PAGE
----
It was trailed as Turkish President Recep Tayyip Erdogan's great reveal. Finally, after weeks of murky leaks to journalists, Turkey clearly wanted to give the impression that it was going to provide evidence that tied Saudi's Crown Prince, Mohammed Bin Salman, to the murder of Jamal Khashoggi.
But his address to Turkey's parliament on Tuesday will have pleased US President Trump as much as it will have the Saudis: it contained no smoking gun directly implicating his Middle East ally.
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Erdogan, however, did kick enough dirt and, along with copious leaks over recent weeks from his officials, leaves a Damoclean sword dangling over both Trump and bin Salman.
There is no doubt that US CIA chief Gina Haspel, who recently arrived in Turkey, will be hoovering up any more scraps she can get out of Erdogan's tight grip -- specifically on the much talked-about recording of Khashoggi's "ferocious murder," of which Erdogan made no mention.
He did, however, drop some new claims that hadn't yet been drip-fed to journalists: that a private jet flew in the day before Khashoggi's killing with three Saudis aboard; that Saudis at the consulate removed security cameras before Khashoggi arrived; and that a team of consular staff did reconnaissance on a forest on the outskirts of Istanbul and at Yalova, a city about a 55-mile (90-kilometer) drive south of Istanbul.
He also specifically pushed back on Saudi claims of an accidental killing of Khashoggi, saying: "We have significant signs that this was not something spontaneous, that it was planned," adding that "In light of the known facts, there are certain questions that people are asking."
His speech amounted to many more questions, for which Erdogan demanded answers:
"Why did these 15 people, all of whom had qualifications related to the incident, gather in Istanbul on the day of the murder? We want an answer to that question. On whose orders did these people come there? We want an answer. Why was it only possible to access the consulate building days later, and not immediately? We want an answer."
He appealed to King Salman of Saudi Arabia -- whose grip on power and whose own faculties have been an open question in western capitals of late -- to help answer a number of questions -- top among them, the whereabouts of Khashoggi's body.
He also demanded that Saudi Arabia explain why it had 15 top officials fly in and out of Turkey on chartered jets, all congregating at the consulate in the hours before Khashoggi's arrival, and dispersing back to Saudi soon after.
His conclusion? That Khashoggi's "ferocious murder" could not have happened without planning and approval from the highest levels, which Saudi still denies.
"Trying to blame a few members of the security and intelligence staff for such an incident will satisfy neither us, nor the international community. The collective conscience of humanity will deem it satisfactory only when everyone who is responsible, from the person who gave the order to those who executed it, is called to answer."
So, not quite the "nothing will remain hidden" speech that was promised by his party officials, but also not entirely a damp squib.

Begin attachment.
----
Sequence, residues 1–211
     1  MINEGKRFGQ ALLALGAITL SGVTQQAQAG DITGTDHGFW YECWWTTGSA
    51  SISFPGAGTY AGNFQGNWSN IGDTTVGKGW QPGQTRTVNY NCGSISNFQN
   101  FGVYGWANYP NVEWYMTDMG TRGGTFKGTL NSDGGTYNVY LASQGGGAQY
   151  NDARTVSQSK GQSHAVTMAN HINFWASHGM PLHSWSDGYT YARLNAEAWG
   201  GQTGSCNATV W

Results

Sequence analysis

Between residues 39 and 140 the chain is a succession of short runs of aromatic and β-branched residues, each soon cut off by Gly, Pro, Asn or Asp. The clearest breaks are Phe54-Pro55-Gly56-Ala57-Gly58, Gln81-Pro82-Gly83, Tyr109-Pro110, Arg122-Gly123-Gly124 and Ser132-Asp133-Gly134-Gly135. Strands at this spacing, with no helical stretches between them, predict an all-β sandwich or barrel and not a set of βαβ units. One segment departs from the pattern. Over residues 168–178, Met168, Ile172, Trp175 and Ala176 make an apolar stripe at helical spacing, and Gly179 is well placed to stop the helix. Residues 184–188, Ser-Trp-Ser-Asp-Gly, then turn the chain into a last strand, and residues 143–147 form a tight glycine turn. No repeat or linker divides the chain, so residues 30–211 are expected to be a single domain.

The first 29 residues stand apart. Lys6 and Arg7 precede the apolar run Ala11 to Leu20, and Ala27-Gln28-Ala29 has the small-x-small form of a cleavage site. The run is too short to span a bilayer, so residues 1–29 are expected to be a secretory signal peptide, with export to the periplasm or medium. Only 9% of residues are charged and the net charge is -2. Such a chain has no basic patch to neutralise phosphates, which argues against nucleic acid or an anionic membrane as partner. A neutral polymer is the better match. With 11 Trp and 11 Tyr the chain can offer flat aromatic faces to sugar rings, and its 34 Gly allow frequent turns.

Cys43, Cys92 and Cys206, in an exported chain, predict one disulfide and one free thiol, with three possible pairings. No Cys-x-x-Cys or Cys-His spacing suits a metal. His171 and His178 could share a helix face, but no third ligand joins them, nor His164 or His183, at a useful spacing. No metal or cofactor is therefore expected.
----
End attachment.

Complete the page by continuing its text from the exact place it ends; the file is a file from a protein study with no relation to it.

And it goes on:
However, for the 20 minutes it took him to set out his narrative in contradiction to the Saudi explanation, Erdogan had the world's attention.
And he used it to maximum effect, demanding Turkish jurisdiction over the investigation -- openly challenging the Saudi justice minister, who over the weekend claimed the case as theirs to investigate.
Erdogan said: "I am calling on the King of Saudi Arabia, and the highest level of the Saudi administration. The incident has occurred in Istanbul. Therefore, I propose that this team of 15+3 people, 18 people in total, who have been arrested, should be tried in Istanbul. The decision will be theirs. But this is my proposition."
Khashoggi's death taking place on his doorstep has handed Erdogan the single largest piece of leverage he is ever likely to have over his regional nemesis, the Saudi Crown Prince.
Many in Turkey believe that the Crown Prince's bill is finally coming due. Erdogan seems to be gambling that western leaders agree.
Bin Salman's hard-line approach to leadership has graduated from kidnapping a Prime Minister to locking up members of his own family to attempting to blow up his relationship with Canada.
Now, if Erdogan's assertions are correct, bin Salman's coup de grâce could be complicity in the murder of a journalist.
If no one in Riyadh will tell the emperor he has no clothes, Erdogan appears to be trying to build an international consensus so the young Crown Prince gets the message.
In retrospect, it seems unconscionable he could have been allowed to get this far. Stranger that it could take a figure like Erdogan to take him down over the issue of human rights and freedom of speech.
Erdogan's jails hold many journalists critical of him and he has amassed the powers of his once semi-democratic state in his own authoritarian hand. He is hardly a paragon of virtue. But bin Salman represents an enduring if not existential threat to his state.
At 33, bin Salman is set to become King and a regional power broker for decades. Erdogan's political Islam is one of the biggest threats to his royal rule.
In the end, Erdogan's speech was more a reveal of his own strategy than lurid details and evidence of the murder and responsibility itself.
Right now, Erdogan simply didn't need to reveal his full hand, because the three most important people listening today will have heard the message loud and clear.
King Salman, Trump and the Crown Prince will know exactly what Erdogan intends to do next: drip incriminating information until he gets what he wants -- the trial of 18 senior Saudis on his turf, bin Salman brought to heel and who knows what else from President Trump.